Bitcoin core devs reaction

PR 29187: trying to fix datacarriersize

This section is a collaboration with @NTeterel and was adapted from this article he previously wrote.

Several developers in charge of the most popular Bitcoin client, Bitcoin Core, were being heckled for their passivity towards Inscriptions such as ordinals and other arbitrary data backed used to build ponzis. Bitcoin Core is the most used implementation of the Bitcoin protocol. It is the direct descendant of Satoshi Nakamoto's work. It is both a node and a wallet. Its code is maintained by hundreds of contributors. This is not the only available client (see Detailed installation instructions to learn more about alternatives, and mainly the Bitcoin Knots client, that are not as spam friendly as Core).
Since Bitcoin Core is the most used node client, its default parameters and settings can be considered to be de facto the consensus rules of the network. Code changes to the Bitcoin Core client are proposed via Pull Requests. Most are minor, but some can be major and these are often accompanied by BIPs (Bitcoin Improvement Proposals) that can sometimes lead to soft forks.
A handful of developers known as « maintainers » have the power to authorize (« merge ») code modifications. This small conclave has the final say on the Bitcoin Core implementation, which represents 98% of all nodes. Since the recent departure of the veteran Van der Laan, the five maintainers are Michael Ford, Ava Chow, Russ Yanofsky, Gloria Zhao and Hennadii Stepanov.
However, here's the ranking of contributors ranked by the number of BIPs, improvement proposals, they spearheaded (source):


Luke Dashjr - the second largest contributor - sparked a controversy by inviting Bitcoin Core to act to stop Inscriptions and other wasteful transactions from attacking the network. Luke Dashjr did so through a Pull Request, dated the 5th of January 05 2023. It is entitled: "Witness scripts being abused to bypass datacarriersize limit".The description of the Pull Request goes as follow:

The datacarriersize policy option is meant to limit the size of extra data allowed in transactions for relaying and mining. Since the end of 2022, however, attackers have found a way to bypass this limit by obfuscating their spam inside OP_FALSE OP_IF patterns instead of using the standardized OP_RETURN. This remains under active exploitation to a degree very harmful to Bitcoin even today.


As previously explained, filters (policy rules) hinders transactions undesirable by noderunners (each node runner decides for themselves their own policy) from being relayed by nodes into a block. For example, Bitcoin Core does not relay by default transactions weighing more than 100,000 vbytes, or those paying less than 1 sat/vbytes in transaction fees. This is enforced by default policy rules, aka «filters ». And yes, you have been running these filters if you've been running the Bitcoin Core client with default settings.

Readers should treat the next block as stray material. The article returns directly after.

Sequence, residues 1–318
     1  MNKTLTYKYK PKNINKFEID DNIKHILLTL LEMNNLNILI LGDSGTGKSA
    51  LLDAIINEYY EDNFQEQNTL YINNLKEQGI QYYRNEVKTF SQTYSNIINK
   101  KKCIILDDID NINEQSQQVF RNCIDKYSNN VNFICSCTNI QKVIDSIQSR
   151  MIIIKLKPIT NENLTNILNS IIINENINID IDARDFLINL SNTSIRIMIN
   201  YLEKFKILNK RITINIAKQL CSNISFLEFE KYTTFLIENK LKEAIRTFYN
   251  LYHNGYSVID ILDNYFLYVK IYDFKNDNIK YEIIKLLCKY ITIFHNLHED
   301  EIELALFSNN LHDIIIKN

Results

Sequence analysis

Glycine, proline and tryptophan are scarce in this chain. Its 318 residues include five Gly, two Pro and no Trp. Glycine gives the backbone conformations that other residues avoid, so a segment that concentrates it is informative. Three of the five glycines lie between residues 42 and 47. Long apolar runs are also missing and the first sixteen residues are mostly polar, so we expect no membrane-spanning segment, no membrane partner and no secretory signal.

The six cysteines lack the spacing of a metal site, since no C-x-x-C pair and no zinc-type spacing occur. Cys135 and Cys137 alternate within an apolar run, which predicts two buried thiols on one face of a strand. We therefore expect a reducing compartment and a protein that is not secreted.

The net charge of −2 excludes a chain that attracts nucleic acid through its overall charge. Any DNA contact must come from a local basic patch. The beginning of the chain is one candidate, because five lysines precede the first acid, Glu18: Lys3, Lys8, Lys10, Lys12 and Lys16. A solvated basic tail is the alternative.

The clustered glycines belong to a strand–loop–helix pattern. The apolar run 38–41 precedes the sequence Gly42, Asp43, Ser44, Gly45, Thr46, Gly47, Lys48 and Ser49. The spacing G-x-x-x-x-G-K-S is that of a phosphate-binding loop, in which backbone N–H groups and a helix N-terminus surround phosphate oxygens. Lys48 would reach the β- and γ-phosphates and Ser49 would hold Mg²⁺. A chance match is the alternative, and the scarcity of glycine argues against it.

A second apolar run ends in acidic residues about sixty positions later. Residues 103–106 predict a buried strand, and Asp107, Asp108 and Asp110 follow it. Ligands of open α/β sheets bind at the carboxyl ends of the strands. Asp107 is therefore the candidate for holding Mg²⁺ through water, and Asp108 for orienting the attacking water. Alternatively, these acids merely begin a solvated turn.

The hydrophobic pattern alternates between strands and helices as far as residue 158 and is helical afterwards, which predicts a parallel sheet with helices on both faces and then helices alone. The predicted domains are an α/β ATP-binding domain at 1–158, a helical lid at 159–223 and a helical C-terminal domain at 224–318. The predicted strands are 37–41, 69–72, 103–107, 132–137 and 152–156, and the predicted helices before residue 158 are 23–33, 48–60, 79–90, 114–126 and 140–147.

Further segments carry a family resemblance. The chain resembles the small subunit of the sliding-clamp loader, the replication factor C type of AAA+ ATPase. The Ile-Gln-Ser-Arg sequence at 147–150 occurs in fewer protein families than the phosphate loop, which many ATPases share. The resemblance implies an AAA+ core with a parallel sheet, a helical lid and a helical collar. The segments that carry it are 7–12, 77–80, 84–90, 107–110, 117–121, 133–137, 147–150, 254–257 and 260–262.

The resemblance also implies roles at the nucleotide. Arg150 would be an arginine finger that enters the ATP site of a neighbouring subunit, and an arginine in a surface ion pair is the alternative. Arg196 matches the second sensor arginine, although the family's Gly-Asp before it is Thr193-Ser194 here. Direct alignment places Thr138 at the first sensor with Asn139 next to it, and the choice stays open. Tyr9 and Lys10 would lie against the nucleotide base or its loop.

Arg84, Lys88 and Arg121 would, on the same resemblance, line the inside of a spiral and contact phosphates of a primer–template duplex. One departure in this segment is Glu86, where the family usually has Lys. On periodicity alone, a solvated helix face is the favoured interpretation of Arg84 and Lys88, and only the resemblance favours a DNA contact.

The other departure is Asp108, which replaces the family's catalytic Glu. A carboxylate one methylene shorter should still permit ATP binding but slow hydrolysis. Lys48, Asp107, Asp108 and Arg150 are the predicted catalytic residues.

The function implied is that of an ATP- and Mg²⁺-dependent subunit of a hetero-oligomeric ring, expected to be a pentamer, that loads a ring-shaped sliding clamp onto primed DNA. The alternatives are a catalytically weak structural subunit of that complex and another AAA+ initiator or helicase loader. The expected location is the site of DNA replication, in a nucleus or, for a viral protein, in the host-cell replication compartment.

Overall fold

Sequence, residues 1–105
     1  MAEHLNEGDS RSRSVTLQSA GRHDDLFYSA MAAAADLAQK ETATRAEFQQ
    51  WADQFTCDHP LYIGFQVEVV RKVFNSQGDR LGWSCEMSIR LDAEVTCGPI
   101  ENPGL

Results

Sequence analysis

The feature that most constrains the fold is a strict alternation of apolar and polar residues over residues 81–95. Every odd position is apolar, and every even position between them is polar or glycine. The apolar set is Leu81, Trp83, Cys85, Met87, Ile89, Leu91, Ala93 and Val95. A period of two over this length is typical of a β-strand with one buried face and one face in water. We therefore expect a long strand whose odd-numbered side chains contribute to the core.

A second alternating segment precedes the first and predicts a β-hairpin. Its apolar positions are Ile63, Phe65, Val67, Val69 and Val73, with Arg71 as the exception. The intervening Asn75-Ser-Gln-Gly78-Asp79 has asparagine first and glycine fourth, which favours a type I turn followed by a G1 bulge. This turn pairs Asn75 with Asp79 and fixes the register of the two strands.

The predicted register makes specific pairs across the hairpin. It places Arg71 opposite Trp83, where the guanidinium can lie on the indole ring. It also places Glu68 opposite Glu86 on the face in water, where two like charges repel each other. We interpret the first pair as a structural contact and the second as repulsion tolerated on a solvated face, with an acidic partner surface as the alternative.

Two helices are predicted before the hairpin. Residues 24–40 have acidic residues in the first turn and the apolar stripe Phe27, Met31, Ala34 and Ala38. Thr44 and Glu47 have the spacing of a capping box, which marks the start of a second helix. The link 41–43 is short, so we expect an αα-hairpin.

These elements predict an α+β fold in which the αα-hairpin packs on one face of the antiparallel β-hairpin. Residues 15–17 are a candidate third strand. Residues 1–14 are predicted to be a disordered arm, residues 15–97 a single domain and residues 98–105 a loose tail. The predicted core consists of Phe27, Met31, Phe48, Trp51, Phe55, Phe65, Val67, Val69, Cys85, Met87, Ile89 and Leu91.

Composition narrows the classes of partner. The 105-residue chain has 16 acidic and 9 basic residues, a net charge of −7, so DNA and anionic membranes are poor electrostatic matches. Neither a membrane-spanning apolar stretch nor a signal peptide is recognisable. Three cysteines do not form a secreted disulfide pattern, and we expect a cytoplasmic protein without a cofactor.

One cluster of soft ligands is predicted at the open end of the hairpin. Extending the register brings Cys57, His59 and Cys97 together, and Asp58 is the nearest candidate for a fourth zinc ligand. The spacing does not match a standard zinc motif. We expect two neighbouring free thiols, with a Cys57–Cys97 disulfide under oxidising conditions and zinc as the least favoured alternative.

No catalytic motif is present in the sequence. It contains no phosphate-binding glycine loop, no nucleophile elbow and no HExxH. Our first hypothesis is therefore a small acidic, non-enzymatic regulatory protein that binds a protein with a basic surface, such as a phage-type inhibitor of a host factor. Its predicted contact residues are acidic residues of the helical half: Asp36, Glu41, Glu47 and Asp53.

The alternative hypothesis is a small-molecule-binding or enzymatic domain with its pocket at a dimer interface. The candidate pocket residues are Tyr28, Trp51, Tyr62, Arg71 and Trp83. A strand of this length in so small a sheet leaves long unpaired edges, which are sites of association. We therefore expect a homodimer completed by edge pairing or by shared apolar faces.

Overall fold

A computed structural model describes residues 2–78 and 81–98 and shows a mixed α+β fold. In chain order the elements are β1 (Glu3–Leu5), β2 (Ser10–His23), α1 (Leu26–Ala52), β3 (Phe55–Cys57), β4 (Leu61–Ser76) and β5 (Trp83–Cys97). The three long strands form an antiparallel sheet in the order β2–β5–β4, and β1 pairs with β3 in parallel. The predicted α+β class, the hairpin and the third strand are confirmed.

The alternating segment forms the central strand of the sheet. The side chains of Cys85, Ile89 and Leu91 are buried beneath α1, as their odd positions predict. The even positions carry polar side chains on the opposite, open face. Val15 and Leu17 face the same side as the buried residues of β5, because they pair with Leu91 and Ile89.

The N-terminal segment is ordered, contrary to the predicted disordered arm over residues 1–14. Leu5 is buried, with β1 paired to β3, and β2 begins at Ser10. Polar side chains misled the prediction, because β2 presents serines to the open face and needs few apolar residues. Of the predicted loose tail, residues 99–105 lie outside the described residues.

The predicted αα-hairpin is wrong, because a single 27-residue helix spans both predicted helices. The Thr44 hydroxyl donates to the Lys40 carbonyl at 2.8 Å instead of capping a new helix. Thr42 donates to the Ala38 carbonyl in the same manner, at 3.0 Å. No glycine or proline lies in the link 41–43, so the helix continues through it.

In Luke's PR, Datacarriersize refers to the "OP_RETURN" opcode (discussed in Satoshi inscribed on-chain so I should be able to do it too). OP_RETURN is an OP_CODE that was created in 2014 to offer an alternative to the more harmful techniques used at the time to insert arbitrary data on chain. It offers a limited space of 83 bytes per transaction that transaction emitters can use to add arbitrary data. That's enough to enter a SHA-256 hash (32 bytes) as well as an identification tag. OP_RETURN data will not be stored in the UTXO set (which is very harmful to the whole network) but it will still be stored on nodes forever.
What Luke means here is that he considers it a bug that Datacarriersize was not applied to all types of transaction data in the Segwit and Taproot soft forks. Basically, he is saying that Datacarriersize should have been updated to consider the new structures of data allowed by the Segwit and Taproot updates.Fingers are often pointed at the SegWit and Taproot soft forks, which have increased and then eliminated the maximum size of transaction scripts. But that's a bit of a leap:

[The maximum size of transaction scripts] was not lifted for purposes of exploiting it for data injection. Data injection could always exceed the limit, at the consensus level. If the script was too big, it would simply not be executed. Spam filters have always been at the policy level, and that's where they ideally belong.

In the absence of filters, arbitrary data can easily be injected by anyone for any purpose through transactions that would have otherwise been rejected by default mempool policies. This attack vector is what has been exploited by BRC-20 and Inscriptions to circumvent protocol limitations and subvert the purpose of the Bitcoin protocol for token and storage purposes. The whole DoS operation is being payed for by those being lured into buying all these so-called "projects".
This can be considered as an attack because these hundreds of thousands of voluminous transactions lengthen the initial synchronization time of a node or the IBD (Initial Blockchain Download), which already takes between 2 days and 3 weeks! Not to mention the premature rise in transaction fees and the cost of the quickly growing memory required to run a node.